Google (GOOG) is the undisputed champ of search just about everywhere in the world except Russia and China (anywhere else? Please let us know). In the latter, Google has surged ahead of Yahoo China and other competitors but is still getting clobbered by Baidu (BIDU), which has also been a NASDAQ moonrocket.
But getting its head handed to it in China hasn’t thwarted Google’s ambitions there. On the contrary, according to the WSJ, Eric Schmidt said last year that Google would be the China market leader within five years. At a conference in Boao, China, this week, the president of Google China, Kai-Fu Lee, appeared to agree with Eric–sort of.
“Certainly, we would like to aspire to be a market leader in five years,” Mr. Lee said Monday on the sidelines of the Boao Forum for Asia.
Google accounted for 26% of China’s Internet-search revenue in the fourth quarter, up from 17% a year earlier, according to Beijing research firm Analysys International. Market leader Baidu.com’s share of the market rose to 60% from 58%.
Many Internet users in China are more familiar with Baidu, which started earlier in the country and which attracts users in significant part by facilitating easy access to free music.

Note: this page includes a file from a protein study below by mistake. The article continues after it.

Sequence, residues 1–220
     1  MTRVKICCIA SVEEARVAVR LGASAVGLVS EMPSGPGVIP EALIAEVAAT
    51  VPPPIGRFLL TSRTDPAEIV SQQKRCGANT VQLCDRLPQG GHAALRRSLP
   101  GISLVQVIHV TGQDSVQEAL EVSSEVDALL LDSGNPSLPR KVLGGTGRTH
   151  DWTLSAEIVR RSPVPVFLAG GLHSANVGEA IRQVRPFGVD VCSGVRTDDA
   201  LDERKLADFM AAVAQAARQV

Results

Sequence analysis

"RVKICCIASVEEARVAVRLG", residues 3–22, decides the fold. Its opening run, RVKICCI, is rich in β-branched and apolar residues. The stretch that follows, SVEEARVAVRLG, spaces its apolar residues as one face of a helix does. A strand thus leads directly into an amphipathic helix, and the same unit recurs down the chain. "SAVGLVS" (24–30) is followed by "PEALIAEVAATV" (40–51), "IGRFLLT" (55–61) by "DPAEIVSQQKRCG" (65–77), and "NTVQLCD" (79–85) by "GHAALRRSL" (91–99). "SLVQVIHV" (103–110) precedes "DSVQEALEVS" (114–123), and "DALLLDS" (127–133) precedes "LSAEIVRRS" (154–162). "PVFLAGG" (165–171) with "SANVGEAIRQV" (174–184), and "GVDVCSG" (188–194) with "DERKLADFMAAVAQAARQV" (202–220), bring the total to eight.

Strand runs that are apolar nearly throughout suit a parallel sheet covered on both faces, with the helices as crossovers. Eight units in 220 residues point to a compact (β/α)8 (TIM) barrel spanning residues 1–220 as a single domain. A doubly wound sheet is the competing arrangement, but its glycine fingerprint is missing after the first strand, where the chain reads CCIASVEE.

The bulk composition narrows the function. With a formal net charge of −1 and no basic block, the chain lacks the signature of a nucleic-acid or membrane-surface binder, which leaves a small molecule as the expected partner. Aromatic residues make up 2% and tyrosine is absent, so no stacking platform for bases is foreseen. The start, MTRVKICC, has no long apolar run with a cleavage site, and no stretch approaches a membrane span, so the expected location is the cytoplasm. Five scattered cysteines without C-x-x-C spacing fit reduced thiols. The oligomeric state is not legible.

“Gaining share against a well-established, supermajority competitor is a difficult proposition because there is a certain critical mass, economy of scale and word-of-mouth effect that one has to overcome,” Mr. Lee said.
Google certainly would know. Still, Google’s market share gains against Baidu are impressive: In the US, since Google entered the market, no one has ever gained that much share against it. In fact, since Google entered the market, almost every other player has lost share, every quarter, for years. So perhaps Eric’s not hallucinating, But it would seem to be Baidu’s game to lose.
The WSJ adds:
Google also is exploring investments in Chinese companies that focus on social networking and mobile Internet as part of its strategy to expand in China, a burgeoning market that analysts estimate may already exceed the U.S. in the number of Internet users.
In China, Google has invested in Tianya.cn, a social-networking Web site, and in Xunlei Network Technology Co., a provider of video and game downloads, for undisclosed amounts.
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